Iran-Pakistan-India pipeline project not shelved: India | india | Hindustan Times
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Iran-Pakistan-India pipeline project not shelved: India

India has not abandoned $ 7.3 billion Iran-Pakistan-India gas pipeline project and is seriously looking for courageous insurance companies to underwrite the project, a senior diplomat attached to the Permanent Mission of India to the UN said today.

india Updated: Dec 11, 2010 15:31 IST

India has not abandoned $ 7.3 billion Iran-Pakistan-India gas pipeline project and is seriously looking for courageous insurance companies to underwrite the project, a senior diplomat attached to the Permanent Mission of India to the UN said today.

As the natural gas comes via Pakistan from Iran, there are some serious security concerns. "Apart from what we see is happening in the world today, we need Lloyds or other major global insurance giants setting up a new division and undertake the risk so that we can start the project," he said.

On the global threat of terrorism and how India is planning to take up the issue at the Security Council, the official, who did not wished to be named, said elements such as Taliban or Al-Qaeda are the core issues.

"We know where the wiper or the snake comes from? We have to collectively deal with that. Pakistan is one country that is itself feeling the problems of terrorism now and the bigger problem faced by that country today is terrorism," he said.

On the question of expansion of G-20 to include more developing countries, the senior diplomat, who enunciated the strategic agenda before India as a non-permanent member of the UN Security Council from January 2011, said India is vary about small groups that were designed for a particular purpose suddenly gets expand because others want to be in and it does not serve the purpose.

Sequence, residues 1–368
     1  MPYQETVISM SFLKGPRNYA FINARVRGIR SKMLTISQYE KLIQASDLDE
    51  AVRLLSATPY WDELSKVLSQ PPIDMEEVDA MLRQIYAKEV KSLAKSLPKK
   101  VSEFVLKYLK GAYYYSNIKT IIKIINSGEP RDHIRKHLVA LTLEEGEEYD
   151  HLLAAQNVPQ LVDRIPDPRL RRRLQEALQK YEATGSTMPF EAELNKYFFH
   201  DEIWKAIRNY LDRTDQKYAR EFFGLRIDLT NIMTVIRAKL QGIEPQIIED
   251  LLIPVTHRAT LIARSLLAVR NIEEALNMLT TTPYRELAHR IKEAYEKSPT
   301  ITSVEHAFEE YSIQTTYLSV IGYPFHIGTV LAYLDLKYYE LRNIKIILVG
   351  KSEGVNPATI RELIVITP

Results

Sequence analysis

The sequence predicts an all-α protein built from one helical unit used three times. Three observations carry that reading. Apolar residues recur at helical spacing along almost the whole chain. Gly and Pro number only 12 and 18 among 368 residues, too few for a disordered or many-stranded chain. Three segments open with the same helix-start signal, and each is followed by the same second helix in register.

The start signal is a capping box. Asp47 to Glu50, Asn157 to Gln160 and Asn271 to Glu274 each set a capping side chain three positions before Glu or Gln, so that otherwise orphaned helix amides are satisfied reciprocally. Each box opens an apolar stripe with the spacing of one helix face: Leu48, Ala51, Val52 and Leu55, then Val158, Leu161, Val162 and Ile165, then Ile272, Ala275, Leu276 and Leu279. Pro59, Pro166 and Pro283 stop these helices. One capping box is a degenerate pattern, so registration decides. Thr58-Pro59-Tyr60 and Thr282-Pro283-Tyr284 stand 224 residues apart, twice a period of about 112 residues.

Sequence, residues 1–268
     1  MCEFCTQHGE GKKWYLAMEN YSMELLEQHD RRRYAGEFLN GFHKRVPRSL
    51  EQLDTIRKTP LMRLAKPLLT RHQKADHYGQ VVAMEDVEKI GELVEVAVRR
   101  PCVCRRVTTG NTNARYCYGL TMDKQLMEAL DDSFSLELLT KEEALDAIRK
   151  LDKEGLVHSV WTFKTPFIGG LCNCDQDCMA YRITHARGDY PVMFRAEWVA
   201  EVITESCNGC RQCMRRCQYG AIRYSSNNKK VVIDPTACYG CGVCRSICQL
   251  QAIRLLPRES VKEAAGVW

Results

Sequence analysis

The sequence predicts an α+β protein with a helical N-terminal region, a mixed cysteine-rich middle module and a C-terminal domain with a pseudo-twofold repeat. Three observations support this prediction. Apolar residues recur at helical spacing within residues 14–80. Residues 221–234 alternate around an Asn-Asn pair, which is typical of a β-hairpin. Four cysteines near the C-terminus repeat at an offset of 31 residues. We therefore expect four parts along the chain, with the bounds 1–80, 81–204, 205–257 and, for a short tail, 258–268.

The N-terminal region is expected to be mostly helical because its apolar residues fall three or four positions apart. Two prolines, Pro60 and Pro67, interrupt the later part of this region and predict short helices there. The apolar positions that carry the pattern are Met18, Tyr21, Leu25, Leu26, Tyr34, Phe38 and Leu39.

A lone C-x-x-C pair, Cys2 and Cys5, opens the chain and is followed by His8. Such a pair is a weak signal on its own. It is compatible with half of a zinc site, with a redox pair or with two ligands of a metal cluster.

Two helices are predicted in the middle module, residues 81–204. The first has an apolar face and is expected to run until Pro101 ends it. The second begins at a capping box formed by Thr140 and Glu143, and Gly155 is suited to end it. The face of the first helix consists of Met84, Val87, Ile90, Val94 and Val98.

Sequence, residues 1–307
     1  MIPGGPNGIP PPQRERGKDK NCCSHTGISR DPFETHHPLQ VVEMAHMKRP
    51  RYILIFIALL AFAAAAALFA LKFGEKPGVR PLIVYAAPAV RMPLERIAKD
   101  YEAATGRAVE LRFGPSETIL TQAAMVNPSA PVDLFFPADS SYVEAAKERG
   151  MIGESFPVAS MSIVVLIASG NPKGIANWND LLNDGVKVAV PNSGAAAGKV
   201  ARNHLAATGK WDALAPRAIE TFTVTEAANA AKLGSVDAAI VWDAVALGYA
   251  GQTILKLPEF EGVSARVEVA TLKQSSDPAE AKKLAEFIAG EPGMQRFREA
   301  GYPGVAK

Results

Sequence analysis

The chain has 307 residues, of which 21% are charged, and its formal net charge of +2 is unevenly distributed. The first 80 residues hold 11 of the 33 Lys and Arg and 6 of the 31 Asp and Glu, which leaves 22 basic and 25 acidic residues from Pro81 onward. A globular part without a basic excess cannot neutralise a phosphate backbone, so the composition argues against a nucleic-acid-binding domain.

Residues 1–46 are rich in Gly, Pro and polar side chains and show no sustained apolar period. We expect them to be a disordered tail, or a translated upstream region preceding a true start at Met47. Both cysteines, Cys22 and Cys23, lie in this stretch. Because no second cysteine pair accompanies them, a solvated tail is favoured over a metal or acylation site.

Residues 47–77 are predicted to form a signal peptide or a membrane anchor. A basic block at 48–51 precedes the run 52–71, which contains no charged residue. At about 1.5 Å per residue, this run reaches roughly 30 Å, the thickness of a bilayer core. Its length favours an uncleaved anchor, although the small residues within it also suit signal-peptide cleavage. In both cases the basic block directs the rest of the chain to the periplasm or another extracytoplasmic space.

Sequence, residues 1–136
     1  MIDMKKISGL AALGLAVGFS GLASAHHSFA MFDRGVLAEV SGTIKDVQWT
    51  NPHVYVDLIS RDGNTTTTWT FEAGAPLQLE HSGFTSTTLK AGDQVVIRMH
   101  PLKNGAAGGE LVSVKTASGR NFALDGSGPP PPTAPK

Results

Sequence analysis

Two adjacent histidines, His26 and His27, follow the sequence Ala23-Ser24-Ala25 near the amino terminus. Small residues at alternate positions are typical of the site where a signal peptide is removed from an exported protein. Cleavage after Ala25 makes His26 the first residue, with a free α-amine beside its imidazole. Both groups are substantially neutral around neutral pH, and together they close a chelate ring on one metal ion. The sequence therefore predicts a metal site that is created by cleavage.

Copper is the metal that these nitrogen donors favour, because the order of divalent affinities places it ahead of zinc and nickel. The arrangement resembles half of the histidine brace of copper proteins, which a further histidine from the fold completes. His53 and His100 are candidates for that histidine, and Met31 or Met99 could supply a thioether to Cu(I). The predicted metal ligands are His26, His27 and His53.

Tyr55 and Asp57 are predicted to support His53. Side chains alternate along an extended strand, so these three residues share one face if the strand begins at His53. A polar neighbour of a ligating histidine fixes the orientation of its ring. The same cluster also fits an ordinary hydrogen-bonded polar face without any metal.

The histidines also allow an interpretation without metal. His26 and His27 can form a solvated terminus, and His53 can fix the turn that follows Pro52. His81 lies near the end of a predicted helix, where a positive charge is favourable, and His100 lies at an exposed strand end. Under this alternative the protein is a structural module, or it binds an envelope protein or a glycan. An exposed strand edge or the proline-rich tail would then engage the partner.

"G-20 was born as a group of finance ministers when the East Asian economic crisis took place in 1997. The world financial and economic crisis took place in 2008 and no one knew how to deal with it including the US, the International Monetary Fund the World Bank had no clue. It was then decided to upgrade the finance ministers group to a heads of state governments so that they could do macro economic coordination and stimulus package and be able to produce reasonably good results. G-20 is big enough as it has the major economies and emerging economies," he said.

"If another crisis takes place, nations have to turn to some countries that are able to deliver the goods. India is yet to take a complete view on this stand," he said.

On the global issues India will be facing as a non-permanent member, he said North Korea is a factor Security Council should concern itself and no member of the Council will disagree on this.

On Myanmar, he said there are two approaches. One is broadly speaking the kind of approach India has taken along with some other very important countries in the region like China.